Wednesday, November 18, 2015


by Guido Mina di Sospiro 

Prophets are the incarnation of a dilemma. Their message is quintessentially esoteric, yet they are driven to make it exoteric. As all dilemmas, this cannot be solved, and the usual outcome is the immolation or downfall of the prophet, unless exceptional circumstances temporarily suspend this predicament. Moreover, that there should be the initiate (the prophet) and the uninitiate (the disciples), has become a rather indigestible concept.

Indeed, traditional values such as the teacher-disciple relationship, training, patience, methodicalness, and constancy, have been lost in the sacred and profane spheres alike. For example, in the figurative arts, think for a moment of Jackson Pollock, who based his life’s work on trying to reproduce in paint the patterns made by his long-lost father urinating on stone. Such paintings, to which I used to refer, perhaps flatteringly, as “unappetising spaghetti”, are on display in many major museums the world over. Clearly, this is not the environment for Cimabue to say to his pupil Giotto, “You have surpassed your teacher.”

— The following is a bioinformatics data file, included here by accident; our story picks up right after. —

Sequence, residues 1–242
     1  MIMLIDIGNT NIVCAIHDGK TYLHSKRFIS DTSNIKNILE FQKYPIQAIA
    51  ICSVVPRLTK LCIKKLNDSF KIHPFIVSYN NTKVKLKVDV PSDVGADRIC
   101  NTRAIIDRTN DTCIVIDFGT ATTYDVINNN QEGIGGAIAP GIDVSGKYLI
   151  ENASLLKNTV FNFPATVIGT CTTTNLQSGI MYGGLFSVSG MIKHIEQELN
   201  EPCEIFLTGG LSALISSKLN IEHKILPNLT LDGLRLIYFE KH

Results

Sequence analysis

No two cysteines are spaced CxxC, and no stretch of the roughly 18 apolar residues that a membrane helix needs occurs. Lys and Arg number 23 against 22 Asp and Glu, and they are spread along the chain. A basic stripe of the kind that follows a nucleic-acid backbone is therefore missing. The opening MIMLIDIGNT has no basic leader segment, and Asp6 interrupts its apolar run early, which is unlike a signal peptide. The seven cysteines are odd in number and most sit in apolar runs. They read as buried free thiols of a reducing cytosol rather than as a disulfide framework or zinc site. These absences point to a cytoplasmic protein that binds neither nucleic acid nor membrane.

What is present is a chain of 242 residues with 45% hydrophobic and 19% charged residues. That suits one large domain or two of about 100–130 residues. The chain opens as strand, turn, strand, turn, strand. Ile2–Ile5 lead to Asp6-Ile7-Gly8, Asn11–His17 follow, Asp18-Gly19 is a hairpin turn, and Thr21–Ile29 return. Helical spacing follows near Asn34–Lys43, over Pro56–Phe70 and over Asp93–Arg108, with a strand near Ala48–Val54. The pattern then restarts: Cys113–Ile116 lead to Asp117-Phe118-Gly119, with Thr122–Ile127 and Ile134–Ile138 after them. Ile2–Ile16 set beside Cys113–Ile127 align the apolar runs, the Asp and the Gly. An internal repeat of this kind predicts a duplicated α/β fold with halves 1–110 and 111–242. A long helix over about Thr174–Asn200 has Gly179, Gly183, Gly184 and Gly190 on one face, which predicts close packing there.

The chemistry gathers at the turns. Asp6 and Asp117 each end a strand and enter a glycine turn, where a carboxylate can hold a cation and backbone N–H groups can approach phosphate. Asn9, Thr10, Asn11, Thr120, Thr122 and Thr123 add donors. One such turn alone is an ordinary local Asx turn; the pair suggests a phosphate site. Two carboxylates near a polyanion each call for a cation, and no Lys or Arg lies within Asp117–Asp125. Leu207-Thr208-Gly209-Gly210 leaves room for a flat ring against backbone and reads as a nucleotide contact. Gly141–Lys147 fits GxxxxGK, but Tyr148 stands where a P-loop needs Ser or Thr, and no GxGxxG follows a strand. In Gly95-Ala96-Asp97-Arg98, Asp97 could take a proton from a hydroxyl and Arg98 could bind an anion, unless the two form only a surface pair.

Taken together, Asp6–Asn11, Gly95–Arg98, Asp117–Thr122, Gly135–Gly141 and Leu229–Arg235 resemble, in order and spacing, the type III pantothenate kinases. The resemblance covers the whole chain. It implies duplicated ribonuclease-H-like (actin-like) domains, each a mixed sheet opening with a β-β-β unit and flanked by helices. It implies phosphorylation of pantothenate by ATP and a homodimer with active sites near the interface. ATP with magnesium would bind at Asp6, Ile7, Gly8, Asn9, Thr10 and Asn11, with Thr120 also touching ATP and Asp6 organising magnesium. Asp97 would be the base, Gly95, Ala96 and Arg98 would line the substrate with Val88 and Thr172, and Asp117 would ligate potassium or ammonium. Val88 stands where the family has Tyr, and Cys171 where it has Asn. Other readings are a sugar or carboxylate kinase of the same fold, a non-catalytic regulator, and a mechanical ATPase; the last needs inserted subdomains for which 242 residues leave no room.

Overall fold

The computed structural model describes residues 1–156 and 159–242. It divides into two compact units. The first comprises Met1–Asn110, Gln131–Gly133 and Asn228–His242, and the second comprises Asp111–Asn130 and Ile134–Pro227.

And yet, a “prophetic” forum such as this, one that rethinks one’s basic assumptions, feels the duty to promote and divulge esoteric ideas into the public domain. But, what is the state of  popular western culture in the year 2000?


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